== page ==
Every or Not Every?

serpentUsing “every” when we really mean “not every” makes a huge difference. Here are two examples:

Every investigation doesn’t yield new data, but investigating is necessary if anything is to be found.

It’s clear that the writer meant this instead:

Not every investigation yields new data, but investigating is necessary if anything is to be found.

Here’s another one:

Every Iraqi isn’t running around with a rifle on his shoulder.

In this case, the writer intended the following:

Not every Iraqi is running around with a rifle on his shoulder.

I welcome your questions and comments. If you’re not quite sure if a sentence you have written is clear, send it to me and I’ll help you with it.

Cheers,

Tara Treasurefield

Treasurefield Communications

Advertisements

About 123clear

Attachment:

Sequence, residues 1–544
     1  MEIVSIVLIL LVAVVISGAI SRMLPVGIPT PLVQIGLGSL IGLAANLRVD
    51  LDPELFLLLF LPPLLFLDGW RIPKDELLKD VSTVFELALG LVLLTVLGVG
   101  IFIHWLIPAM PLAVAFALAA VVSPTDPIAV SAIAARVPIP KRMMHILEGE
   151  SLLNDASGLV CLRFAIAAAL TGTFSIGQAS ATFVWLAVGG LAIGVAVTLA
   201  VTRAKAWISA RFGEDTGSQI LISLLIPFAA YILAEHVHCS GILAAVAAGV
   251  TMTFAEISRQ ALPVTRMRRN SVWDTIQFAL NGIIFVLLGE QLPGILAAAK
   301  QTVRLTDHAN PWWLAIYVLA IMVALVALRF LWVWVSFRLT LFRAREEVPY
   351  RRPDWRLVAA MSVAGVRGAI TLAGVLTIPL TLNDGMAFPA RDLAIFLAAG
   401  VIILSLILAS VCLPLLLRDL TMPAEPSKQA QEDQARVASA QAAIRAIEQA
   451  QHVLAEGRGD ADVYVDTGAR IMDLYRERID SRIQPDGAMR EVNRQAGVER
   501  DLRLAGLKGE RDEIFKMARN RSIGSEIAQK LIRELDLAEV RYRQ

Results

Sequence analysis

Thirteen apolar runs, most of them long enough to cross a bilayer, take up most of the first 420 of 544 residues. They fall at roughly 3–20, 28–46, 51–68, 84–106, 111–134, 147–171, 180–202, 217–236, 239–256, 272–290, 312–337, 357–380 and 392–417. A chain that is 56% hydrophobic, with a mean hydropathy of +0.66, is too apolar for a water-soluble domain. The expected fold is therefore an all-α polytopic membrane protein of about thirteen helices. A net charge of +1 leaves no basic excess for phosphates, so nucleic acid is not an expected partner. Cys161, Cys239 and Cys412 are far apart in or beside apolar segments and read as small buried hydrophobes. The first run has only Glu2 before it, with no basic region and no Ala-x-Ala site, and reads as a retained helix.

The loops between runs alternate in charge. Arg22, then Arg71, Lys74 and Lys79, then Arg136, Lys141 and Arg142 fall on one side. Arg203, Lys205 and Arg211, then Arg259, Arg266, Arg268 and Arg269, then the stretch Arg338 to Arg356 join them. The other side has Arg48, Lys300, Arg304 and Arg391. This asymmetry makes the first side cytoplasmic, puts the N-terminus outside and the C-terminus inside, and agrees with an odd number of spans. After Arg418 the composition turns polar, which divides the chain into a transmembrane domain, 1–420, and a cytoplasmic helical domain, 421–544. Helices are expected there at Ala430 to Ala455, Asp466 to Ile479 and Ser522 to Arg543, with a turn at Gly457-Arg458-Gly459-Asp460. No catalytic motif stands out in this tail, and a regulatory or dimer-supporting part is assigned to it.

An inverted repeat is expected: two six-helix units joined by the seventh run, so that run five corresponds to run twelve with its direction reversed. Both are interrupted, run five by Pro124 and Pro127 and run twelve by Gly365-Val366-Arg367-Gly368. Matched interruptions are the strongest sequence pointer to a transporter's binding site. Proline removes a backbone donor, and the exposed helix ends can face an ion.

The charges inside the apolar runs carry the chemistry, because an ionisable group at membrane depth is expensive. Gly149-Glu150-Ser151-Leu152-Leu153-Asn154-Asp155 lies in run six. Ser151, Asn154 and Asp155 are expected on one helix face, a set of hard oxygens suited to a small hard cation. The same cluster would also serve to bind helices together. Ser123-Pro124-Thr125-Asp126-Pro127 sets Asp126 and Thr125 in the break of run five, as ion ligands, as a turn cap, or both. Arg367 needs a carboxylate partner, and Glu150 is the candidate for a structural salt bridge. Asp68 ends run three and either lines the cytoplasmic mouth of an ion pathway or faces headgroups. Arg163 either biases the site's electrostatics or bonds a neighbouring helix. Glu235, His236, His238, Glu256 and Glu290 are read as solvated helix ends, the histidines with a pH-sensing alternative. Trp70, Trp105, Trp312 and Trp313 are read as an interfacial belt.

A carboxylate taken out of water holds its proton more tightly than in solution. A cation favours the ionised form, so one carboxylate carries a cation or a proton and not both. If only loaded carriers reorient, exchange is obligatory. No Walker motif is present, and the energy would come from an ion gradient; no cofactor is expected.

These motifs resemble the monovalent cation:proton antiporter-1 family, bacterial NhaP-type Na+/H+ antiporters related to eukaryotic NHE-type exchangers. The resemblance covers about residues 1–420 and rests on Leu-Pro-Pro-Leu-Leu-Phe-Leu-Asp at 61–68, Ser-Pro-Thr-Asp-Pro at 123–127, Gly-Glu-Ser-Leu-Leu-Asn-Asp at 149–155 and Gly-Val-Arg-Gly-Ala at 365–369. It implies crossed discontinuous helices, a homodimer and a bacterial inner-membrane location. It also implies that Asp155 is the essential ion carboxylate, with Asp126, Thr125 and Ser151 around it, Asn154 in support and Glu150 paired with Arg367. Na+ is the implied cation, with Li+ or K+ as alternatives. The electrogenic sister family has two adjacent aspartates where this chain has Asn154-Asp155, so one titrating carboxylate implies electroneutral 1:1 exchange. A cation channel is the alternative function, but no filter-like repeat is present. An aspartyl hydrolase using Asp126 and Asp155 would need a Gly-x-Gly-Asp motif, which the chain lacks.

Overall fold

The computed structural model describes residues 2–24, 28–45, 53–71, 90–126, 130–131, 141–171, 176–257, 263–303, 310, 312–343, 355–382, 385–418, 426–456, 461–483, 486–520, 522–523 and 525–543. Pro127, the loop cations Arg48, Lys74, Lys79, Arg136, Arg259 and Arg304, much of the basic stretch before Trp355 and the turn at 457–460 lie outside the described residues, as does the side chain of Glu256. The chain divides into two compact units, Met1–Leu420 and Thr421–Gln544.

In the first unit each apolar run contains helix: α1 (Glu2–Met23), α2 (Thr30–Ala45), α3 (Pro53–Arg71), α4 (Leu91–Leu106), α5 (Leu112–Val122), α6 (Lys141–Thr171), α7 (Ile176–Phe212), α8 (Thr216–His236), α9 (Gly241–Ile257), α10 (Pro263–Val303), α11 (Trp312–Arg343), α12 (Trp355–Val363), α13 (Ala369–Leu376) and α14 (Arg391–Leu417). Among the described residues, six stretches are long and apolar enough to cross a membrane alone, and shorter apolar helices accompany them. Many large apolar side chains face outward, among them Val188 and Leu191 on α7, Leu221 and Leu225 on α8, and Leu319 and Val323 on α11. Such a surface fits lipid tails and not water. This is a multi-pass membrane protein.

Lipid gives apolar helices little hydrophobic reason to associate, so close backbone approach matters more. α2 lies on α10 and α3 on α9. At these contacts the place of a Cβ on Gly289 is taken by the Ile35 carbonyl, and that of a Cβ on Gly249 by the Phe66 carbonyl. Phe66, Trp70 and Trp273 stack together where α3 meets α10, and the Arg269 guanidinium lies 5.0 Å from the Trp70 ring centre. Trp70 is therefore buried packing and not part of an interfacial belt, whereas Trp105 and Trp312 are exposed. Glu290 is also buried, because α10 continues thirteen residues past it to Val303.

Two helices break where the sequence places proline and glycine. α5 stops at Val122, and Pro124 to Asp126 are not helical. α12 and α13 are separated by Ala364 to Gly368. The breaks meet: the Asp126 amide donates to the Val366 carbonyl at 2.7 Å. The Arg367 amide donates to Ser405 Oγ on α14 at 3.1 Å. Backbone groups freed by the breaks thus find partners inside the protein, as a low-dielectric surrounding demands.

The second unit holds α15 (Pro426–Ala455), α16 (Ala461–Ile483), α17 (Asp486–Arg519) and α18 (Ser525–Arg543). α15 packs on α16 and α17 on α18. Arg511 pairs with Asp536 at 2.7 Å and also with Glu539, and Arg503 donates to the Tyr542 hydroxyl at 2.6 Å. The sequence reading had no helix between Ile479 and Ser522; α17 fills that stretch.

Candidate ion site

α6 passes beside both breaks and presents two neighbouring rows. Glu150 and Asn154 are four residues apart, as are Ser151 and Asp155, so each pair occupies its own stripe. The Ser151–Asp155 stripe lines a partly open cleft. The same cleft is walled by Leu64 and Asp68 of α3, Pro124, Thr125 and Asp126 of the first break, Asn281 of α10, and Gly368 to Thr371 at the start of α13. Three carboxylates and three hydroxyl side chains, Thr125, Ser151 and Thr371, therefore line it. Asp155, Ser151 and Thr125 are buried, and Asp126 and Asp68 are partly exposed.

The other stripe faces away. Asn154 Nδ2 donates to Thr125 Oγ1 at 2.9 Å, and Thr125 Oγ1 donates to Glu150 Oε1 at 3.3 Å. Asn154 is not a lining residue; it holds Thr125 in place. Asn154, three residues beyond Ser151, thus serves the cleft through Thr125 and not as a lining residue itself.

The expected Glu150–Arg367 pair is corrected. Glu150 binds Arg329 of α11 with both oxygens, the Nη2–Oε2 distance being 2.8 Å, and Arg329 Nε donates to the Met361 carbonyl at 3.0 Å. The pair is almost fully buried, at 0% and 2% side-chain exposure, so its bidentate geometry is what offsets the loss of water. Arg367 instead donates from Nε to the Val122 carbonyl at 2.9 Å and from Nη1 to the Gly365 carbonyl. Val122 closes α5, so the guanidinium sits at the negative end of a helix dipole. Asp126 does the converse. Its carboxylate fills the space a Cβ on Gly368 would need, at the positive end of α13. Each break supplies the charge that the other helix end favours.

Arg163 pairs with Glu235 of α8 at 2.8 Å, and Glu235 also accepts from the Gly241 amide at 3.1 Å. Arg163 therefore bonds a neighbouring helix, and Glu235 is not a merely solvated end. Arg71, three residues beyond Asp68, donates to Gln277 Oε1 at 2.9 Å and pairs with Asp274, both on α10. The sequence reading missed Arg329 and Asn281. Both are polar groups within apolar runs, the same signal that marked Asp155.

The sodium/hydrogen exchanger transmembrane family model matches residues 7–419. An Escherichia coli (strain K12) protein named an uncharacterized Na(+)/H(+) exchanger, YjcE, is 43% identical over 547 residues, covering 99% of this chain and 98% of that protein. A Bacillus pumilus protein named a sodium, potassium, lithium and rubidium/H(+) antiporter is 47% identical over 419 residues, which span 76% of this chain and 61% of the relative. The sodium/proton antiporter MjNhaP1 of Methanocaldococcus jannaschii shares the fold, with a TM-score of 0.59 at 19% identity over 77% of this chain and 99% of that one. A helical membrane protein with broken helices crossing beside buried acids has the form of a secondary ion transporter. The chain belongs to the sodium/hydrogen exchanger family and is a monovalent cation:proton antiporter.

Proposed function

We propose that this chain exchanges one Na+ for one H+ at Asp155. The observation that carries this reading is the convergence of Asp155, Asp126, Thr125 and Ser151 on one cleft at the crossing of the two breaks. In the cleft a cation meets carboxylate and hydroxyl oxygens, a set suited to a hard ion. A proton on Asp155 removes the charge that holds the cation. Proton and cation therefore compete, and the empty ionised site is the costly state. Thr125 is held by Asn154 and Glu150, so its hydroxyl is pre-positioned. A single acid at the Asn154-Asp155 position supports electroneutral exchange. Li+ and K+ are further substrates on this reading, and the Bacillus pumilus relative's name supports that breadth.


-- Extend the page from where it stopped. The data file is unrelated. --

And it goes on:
I translate foggy information into plain English.
This entry was posted in clear thinking, word usage. Bookmark the permalink.

Leave a Reply

Fill in your details below or click an icon to log in:

WordPress.com Logo

You are commenting using your WordPress.com account. Log Out / Change )

Twitter picture

You are commenting using your Twitter account. Log Out / Change )

Facebook photo

You are commenting using your Facebook account. Log Out / Change )

Google+ photo

You are commenting using your Google+ account. Log Out / Change )

Connecting to %s